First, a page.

Why Aircraft Carriers Refuse to Die (And More Keep Going to Sea)

David Axe

While the U.S. military establishment continues to debate the value of large aircraft carriers, other world powers actually are expanding their fleets of big aviation ships.

The United Kingdom’s new aircraft carrier HMS Queen Elizabeth in September 2019 set sail for North America on a four-month deployment. The Westlant 19 cruise affords the ship’s crew an opportunity to get comfortable with their vessel while also qualifying Royal Air Force and Royal Navy F-35B pilots for shipboard operations.

The deployment is a glimpse into the Royal Navy’s future as it reorganizes around Queen Elizabeth and her sister ship Prince of Wales.

Meanwhile, in the United States, Mike Griffin, the undersecretary of defense for research and engineering, proposed that the Pentagon give up one large nuclear-powered aircraft carrier and instead spend its roughly $13-billion acquisition cost on an arsenal of 2,000 long-range, hypersonic missiles.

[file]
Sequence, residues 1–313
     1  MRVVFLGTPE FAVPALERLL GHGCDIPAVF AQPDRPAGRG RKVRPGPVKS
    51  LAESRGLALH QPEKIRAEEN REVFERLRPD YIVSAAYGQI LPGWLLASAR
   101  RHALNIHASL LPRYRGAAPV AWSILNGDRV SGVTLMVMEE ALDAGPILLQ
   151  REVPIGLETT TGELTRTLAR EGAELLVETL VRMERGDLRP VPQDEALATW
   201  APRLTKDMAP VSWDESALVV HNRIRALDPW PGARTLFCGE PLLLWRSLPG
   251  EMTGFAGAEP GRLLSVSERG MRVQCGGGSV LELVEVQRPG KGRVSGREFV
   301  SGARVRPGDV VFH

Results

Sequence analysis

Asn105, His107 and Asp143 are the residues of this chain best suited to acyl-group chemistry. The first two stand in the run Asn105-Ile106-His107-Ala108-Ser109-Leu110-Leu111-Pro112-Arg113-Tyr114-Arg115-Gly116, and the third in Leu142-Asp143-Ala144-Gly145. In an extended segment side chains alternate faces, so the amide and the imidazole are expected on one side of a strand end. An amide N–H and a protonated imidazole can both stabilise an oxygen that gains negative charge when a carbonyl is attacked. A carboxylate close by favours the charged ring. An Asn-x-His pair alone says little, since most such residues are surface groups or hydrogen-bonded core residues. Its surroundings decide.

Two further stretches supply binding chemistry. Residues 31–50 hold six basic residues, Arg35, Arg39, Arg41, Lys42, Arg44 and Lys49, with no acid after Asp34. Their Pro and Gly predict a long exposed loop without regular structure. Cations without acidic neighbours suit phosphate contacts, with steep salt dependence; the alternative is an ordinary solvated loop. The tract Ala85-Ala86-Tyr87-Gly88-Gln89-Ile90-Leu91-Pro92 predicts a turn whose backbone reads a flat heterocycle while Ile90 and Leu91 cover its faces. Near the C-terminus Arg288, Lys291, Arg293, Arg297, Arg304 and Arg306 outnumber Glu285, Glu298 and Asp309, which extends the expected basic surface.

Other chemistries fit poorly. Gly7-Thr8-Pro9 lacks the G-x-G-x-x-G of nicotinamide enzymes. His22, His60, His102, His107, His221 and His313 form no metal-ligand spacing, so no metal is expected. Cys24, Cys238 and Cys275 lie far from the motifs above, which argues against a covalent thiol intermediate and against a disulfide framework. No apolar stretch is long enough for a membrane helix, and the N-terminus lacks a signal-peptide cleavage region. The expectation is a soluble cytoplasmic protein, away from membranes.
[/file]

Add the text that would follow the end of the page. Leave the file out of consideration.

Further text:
“Let’s just propose a thought experiment,” Griffin said at a September 2019 conference, according to Defense News.

“Which do you think the Chinese leadership would fear more: 2,000 conventional strike missiles possessed by the United States and its allies in the western Pacific capable of ranging Chinese targets, or one new carrier? Because those two things cost about the same amount of money. Those are the kinds of questions we need to be asking ourselves.”

The United Kingdom clearly still sees the value in carriers, as does China itself. The Chinese navy has one carrier in service, another in trials and a third under construction. The Chinese fleet in coming decades could add another three flattops and modify the air force’s J-20 stealth fighter to fly from some of the vessels.

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